Second, they cannot get pain and suffering settlements through their PIP coverage. They can only seek compensation for these losses if they meet the state’s qualifications to file a lawsuit.

Another drawback is that some states have seen an increase in fraudulent claims. Since claimants do not need to prove who caused the crash, they can stage crashes to receive medical and disability benefits.

Shortened Statutes of Limitations

Another type of reform measure shortens the time to file lawsuits. This option requires injured people to start injury claims as quickly as possible. If someone fails to meet the deadline without a legally recognized excuse, the court must dismiss their lawsuit without ever looking at its merits.

Shortened statutes of limitations have one benefit to victims. Shorter filing deadlines mean fresher evidence. Memories have not faded, and documents and objects are better preserved.

However, this approach imposes enormous burdens on victims. Most people do not know the statute of limitations in their states. They can get caught by surprise when they find out they waited too long to file. Additionally, many accident victims must focus on their health before thinking about insurance claims and lawsuits.

Caps on Medical Malpractice Damages

One reform measure focuses specifically on high medical malpractice payouts. Doctors face high insurance rates to practice in many cities. As a result, doctors have relocated from these cities to places where they can afford their insurance. By capping damages, malpractice insurers can reduce premiums because their financial exposure drops.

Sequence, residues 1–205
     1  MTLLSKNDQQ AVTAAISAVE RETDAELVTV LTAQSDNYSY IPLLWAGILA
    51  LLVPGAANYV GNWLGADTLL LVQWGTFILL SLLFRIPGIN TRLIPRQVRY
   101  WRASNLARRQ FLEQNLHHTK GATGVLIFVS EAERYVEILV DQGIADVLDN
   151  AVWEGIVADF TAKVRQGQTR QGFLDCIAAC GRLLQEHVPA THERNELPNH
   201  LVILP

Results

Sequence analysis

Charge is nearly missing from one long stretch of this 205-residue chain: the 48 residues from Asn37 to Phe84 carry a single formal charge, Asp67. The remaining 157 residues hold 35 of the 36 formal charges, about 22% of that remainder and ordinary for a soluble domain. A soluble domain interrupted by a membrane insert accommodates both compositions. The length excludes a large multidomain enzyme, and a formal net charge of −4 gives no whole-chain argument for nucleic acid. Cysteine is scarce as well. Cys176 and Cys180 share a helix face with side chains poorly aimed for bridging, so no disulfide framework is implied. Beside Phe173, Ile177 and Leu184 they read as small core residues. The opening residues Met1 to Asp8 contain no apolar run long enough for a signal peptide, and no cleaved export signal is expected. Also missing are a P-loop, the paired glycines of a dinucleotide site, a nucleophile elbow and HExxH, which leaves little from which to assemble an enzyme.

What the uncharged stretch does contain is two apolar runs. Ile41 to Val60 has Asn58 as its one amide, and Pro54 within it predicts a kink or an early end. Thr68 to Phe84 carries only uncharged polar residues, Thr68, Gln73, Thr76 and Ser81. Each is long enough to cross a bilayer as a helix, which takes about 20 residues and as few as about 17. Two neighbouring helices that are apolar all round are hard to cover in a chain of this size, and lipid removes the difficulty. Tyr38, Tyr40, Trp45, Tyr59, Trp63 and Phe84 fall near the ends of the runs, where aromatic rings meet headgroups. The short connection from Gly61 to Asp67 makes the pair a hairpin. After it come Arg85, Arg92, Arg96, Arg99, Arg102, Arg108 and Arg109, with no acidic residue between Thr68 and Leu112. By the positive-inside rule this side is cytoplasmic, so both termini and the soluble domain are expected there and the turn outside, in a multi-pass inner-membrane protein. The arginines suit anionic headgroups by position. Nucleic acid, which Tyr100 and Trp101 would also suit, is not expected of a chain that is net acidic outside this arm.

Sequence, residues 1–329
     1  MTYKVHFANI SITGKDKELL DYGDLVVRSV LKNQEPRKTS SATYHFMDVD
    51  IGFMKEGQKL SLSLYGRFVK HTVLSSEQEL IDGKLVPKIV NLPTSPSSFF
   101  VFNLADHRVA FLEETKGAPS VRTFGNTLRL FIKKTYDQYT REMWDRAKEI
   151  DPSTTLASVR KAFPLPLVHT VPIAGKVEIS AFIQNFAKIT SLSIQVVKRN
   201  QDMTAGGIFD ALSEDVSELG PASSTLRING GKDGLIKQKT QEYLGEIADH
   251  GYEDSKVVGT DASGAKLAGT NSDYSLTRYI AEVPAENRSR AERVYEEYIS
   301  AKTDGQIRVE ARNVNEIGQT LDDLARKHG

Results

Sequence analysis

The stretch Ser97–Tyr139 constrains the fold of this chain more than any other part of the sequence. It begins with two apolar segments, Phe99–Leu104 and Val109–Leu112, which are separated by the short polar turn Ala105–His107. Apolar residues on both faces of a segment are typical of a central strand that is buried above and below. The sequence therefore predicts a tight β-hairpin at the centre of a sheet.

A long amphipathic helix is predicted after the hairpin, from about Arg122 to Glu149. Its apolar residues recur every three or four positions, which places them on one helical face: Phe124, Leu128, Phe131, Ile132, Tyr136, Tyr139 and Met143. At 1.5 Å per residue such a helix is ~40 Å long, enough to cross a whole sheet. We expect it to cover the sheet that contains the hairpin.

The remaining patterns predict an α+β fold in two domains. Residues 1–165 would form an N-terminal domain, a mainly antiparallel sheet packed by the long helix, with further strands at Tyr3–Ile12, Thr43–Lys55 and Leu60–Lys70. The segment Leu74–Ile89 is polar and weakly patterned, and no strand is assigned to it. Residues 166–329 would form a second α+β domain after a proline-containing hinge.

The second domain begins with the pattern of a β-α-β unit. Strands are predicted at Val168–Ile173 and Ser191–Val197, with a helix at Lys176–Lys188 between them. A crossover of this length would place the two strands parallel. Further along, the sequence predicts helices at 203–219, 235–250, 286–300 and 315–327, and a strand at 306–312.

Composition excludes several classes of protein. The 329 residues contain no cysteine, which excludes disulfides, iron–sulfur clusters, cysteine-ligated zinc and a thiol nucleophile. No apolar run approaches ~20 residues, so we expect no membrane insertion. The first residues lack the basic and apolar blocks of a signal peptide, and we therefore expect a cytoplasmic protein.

However, this approach has a few drawbacks. First, even after states cap damages, there is no guarantee that malpractice insurers will drop premiums. Even if they lower premiums, doctors will not necessarily remain in the state for a small price reduction.

Second, some patients need significant compensation for their injuries. Arbitrarily capping damages is unfair to people who have suffered permanent brain damage, paralysis, or other catastrophic injuries.

Learn More About Torts From ConsumerShield

States vary in their attempts to reform their tort systems. This has produced a confusing patchwork of insurance systems, damages caps, and statutes of limitations. ConsumerShield is dedicated to educating people about the law and connecting them with lawyers who can help them. Contact us for a free case review.

Frequently Asked Questions

  • Tort reformers seek to change the rules and laws surrounding personal injury lawsuits. One goal is to reduce the cost of these suits on businesses. Another goal is to relieve courts clogged with injury cases and provide faster and more certain personal injury settlements.

  • Tort reform in healthcare is meant to address a perceived “brain drain” caused by high medical malpractice premiums. The most common reforms to address this issue are shortened statutes of limitations for medical malpractice claims and caps on malpractice damages. However, these reforms place a high burden on injured patients.

  • The most successful example of tort reform is no-fault auto insurance. Several states, including New York and Florida, have successfully implemented this system to reduce injury lawsuits and accelerate car accident settlements.